On four Saturdays in February, Sugarbush offers an introduction to alpine touring skills and equipment on black diamond terrain as part of its Essen tials lesson series. The Catamount Trail Association holds a series of clinics at Bolton Valley as well as regular dawn patrol skins every second Thursday until April. If you can’t make Thursday mornings, sign up for one of the Wednesday Night Uphill Series, a friendly race series on two alternating routes up Vista Peak. Instead of a simple up-and-down race, the nighttime series requires skiers to transition from “hike” to “ski” mode as quickly as possible.
Stowe is also repeating its successful Saturday Night Lights program. Organized in cooperation with the CTA, Stowe opens the lights on the Gondolier trails on three Saturdays: Jan. 23, Feb. 6, and Feb. 27. The series culminates on March 26 with the Topsy Turvy Uphill Race, a nighttime race up the Gondolier trail under the lights.
Race to the Top
With more people going uphill, the “rando” (randonnée) and “skimo” (ski mountaineering) competitions have grown fierce with many races combining skinning, downhill skiing and sometimes simply running or snowshoeing.
If you want to compete against the best in the East (or just watch), Magic Mountain hosts the one eastern event in the U.S. Ski Mountaineering Nationals (a weekend series with criteriums, vertical and sprint races) March 14.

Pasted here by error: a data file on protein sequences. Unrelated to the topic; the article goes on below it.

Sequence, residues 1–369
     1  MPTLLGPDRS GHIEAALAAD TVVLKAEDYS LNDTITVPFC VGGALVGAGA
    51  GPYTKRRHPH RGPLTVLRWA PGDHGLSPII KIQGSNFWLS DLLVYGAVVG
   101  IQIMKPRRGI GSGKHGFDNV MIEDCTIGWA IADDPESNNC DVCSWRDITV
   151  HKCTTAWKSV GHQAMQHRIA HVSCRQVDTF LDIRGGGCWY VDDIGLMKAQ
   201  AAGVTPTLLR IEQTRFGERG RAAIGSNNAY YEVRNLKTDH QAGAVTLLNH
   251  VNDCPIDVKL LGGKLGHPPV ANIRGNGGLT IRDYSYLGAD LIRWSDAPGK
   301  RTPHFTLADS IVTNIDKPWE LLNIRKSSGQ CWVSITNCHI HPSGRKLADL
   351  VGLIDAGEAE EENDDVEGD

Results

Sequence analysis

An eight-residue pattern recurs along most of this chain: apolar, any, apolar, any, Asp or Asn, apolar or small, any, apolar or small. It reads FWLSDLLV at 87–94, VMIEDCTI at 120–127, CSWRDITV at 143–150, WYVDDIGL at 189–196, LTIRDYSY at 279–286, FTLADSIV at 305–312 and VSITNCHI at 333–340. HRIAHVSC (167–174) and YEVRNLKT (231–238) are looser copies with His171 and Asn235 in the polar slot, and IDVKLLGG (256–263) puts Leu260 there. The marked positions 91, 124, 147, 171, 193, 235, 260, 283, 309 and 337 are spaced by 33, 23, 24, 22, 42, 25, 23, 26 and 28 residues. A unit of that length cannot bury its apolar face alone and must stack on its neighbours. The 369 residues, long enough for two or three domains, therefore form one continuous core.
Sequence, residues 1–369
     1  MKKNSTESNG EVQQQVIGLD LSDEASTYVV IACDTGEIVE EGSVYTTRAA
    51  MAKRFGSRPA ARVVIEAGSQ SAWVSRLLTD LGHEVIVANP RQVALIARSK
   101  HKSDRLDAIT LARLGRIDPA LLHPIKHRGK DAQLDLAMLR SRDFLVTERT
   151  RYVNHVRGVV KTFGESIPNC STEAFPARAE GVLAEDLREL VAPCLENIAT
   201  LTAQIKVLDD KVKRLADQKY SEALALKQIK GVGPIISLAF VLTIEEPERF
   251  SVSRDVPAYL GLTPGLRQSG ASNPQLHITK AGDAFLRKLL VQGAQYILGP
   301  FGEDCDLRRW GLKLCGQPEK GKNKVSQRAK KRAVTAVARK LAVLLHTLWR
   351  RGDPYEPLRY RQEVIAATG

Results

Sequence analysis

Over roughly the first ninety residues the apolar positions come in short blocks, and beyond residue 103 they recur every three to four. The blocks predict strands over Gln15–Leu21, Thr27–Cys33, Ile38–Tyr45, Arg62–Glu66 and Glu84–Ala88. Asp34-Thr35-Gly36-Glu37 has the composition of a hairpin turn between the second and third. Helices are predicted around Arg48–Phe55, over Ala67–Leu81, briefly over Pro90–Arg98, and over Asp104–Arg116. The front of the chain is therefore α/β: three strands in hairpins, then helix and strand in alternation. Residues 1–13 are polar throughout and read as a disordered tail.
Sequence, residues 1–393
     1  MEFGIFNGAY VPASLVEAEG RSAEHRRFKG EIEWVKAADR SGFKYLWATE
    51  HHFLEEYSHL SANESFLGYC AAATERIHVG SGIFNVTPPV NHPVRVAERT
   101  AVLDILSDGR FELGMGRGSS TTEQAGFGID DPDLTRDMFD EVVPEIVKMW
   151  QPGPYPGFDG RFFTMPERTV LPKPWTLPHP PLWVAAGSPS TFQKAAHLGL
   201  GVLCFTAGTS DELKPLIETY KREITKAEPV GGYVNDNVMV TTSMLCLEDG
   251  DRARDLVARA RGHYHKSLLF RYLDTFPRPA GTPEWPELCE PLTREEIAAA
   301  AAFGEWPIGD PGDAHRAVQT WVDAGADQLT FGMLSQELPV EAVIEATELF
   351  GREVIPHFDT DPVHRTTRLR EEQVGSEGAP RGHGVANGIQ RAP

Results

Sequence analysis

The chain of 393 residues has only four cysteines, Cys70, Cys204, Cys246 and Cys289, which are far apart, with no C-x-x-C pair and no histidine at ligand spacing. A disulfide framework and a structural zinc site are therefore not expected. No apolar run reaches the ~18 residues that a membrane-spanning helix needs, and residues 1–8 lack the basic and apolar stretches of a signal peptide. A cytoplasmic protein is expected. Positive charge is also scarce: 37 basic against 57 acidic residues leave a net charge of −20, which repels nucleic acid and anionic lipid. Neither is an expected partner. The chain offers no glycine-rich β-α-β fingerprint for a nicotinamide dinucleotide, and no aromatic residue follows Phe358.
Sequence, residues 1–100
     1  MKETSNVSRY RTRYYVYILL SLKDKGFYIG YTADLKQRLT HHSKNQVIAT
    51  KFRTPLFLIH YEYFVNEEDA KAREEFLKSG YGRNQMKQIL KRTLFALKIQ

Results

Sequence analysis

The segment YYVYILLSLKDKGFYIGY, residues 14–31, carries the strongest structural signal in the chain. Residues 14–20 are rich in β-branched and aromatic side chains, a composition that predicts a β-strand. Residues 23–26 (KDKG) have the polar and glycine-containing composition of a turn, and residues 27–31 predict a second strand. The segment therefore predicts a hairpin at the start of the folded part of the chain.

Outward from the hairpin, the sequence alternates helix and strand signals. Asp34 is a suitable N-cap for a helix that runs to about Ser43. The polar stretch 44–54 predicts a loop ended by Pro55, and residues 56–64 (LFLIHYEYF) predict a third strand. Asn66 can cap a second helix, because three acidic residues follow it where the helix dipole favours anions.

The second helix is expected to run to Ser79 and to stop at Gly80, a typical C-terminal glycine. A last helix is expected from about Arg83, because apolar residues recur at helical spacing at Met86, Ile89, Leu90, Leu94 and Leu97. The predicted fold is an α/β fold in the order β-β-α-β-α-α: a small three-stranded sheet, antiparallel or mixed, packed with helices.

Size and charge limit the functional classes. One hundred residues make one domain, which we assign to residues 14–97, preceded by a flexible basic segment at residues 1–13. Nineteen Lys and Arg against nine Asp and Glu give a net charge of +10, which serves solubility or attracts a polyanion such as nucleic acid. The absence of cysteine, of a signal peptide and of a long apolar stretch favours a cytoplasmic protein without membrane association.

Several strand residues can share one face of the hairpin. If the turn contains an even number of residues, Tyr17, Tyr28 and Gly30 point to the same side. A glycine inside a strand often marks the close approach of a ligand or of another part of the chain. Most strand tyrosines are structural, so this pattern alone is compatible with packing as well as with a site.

One of the oldest and most challenging of ski mountaineering races in Vermont, the Mad River Valley Mountaineering Race has, historically, sent skiers up Mad River Glen and then across the Long Trail to Sugarbush’s Mt. Ellen. This year, Sugarbush is hosting the race on March 20 and running it from Lincoln Peak through the Slide Brook Wilderness to Mt. Ellen and down.
If that’s not tough enough for you, that same weekend Bolton Valley partners with outdoor adventure company Native Endurance to host New England’s first 24-hour backcountry race, March 19-20. Teams will attempt to log the most vertical feet possible as they test their legs and lungs on a course that is split: 12 hours in the backcountry and 12 hours on alpine ski trails.
Jonathan Schefftz, who has began organizing events for the New England Rando Race Series since 2009, has seen participation in his events rise, with races attracting not only die-hard skiers but also endurance athletes like marathoners and triathletes.
“Some people stop skiing because they spend all their time standing in lift lines or skiing crowded trails,” he says. “This is something different. It’s aerobic and athletic that can really get people interested.”
At the Mount Greylock rando race, participation increased by 53-percent last season with more than 100 skiers showing up to register the day of the race. This year, the NE Rando Series includes new races at Q Burke (Jan. 30) and Pico (March 27).
Schefftz says the momentum behind the uphill travel movement is just getting started. “Right now, the stars are aligned,” he says. “You have the gear manufacturers producing the gear, the resorts are on board with their uphill policies and the competitive aspect has gone from complete obscurity to strong. I think it’s only going to get bigger.”
* Interested in skinning, but need a place to start? Try the Skimo Citizen Race Series. Visit Catamount Trail Association’s website for details.